Forget the Fiscal Cliff. What About the French Wine Cliff?

As American politics becomes consumed with the power play that everyone is calling the fiscal cliff, a far more dire and permanent disaster is looming for wine lovers everywhere. I’m speaking, of course, of the impending French Wine Cliff.

Doubtless you’ve heard of the five-decades-long decline in per-capita consumption of wine by the French people. Well it has just hit a new low.

As soft drinks, mixed drinks, and yes, even fruit juice has taken a larger role on the French table at mealtimes, French wine consumption has dropped to merely one glass per person, per day. And fewer than one in five French adults claim to drink wine every day.

If that doesn’t sound like the bottom of the barrel, simply consider that fifty years ago, the French were drinking three times that much wine daily.

In the same period of time the number of bistros (the de facto location for casual drinking) in the country has dropped from 200,000 to 35,000.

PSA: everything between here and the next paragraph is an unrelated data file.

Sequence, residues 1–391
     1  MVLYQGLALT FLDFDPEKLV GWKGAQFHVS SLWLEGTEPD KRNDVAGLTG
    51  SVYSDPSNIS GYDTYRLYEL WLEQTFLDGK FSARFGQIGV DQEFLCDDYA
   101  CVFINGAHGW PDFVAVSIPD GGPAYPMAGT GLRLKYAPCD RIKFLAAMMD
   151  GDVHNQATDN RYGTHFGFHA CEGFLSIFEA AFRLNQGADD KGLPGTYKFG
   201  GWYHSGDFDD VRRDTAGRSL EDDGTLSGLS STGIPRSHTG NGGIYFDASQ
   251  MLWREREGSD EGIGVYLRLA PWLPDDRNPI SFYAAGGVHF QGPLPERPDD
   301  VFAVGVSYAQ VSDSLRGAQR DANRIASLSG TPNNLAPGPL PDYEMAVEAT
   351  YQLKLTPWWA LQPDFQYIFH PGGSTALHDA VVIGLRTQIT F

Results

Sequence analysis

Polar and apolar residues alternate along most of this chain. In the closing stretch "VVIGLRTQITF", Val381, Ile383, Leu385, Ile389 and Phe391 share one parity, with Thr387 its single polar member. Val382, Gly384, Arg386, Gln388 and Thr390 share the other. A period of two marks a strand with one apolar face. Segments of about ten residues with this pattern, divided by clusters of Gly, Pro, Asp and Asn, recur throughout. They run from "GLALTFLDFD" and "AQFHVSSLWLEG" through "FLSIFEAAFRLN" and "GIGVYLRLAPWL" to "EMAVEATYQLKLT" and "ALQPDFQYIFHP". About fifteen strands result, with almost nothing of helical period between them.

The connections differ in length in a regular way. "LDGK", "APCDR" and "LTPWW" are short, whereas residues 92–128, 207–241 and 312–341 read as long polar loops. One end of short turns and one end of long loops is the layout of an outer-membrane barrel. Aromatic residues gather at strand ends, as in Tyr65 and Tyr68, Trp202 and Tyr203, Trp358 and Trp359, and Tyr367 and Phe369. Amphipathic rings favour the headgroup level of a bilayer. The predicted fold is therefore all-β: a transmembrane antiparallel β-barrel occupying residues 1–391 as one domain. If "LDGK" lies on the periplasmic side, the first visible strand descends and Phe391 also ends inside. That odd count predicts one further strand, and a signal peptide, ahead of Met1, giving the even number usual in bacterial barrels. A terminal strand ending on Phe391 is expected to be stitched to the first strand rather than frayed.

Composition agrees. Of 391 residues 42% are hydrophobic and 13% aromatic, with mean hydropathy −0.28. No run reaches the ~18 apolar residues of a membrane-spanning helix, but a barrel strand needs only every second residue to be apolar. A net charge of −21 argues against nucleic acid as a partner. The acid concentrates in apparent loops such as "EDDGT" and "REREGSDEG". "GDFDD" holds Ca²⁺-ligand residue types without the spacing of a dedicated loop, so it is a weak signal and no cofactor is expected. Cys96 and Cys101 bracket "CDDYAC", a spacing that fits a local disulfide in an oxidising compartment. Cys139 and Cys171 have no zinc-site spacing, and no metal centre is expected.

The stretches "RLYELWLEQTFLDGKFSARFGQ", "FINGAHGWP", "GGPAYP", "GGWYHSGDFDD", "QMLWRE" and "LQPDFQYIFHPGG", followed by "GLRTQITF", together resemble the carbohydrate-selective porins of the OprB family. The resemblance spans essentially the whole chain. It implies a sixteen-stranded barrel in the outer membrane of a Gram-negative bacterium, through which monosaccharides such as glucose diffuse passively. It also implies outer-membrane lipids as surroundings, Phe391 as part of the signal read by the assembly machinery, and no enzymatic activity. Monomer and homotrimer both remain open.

Do you see the disaster looming? It’s significantly more ominous than the $2000 per household tax raise that threatens to drive America into a recession again.

We’re talking about the implosion of the French wine industry, here. There aren’t enough rich Chinese to suck up all the excess French wine that’s out there on the market! There aren’t enough ethanol distillation factories to turn all that wine into car fuel! The millennials aren’t learning how to pronounce Carignan fast enough to pick up the slack!

Growers will go bankrupt, vignerons will shoot themselves, and the First Growths might even fail to raise their prices from one year to the next.

Picture that scene from the movie 2012. Except with wine instead of melting glaciers.


That’s right. Biblical proportions folks.

The scariest thing to me is that I don’t know what to do to stop it. Sure, I’ll be drinking more French wine. As much as I can. And urging my friends to do the same. But how the hell do you run an intervention on an entire country?

We need to sit France down and let it know that it’s not only harming itself, it’s harming all the people who love it. We need to offer it support; to gently suggest that whenever possible, drinking is, in fact, the answer; to tell it that drowning its sorrows in wine is precisely what it needs to do; to insist that it stop sobering up and get back to its days of carefree boozing. And to do it for us.

Viva la France!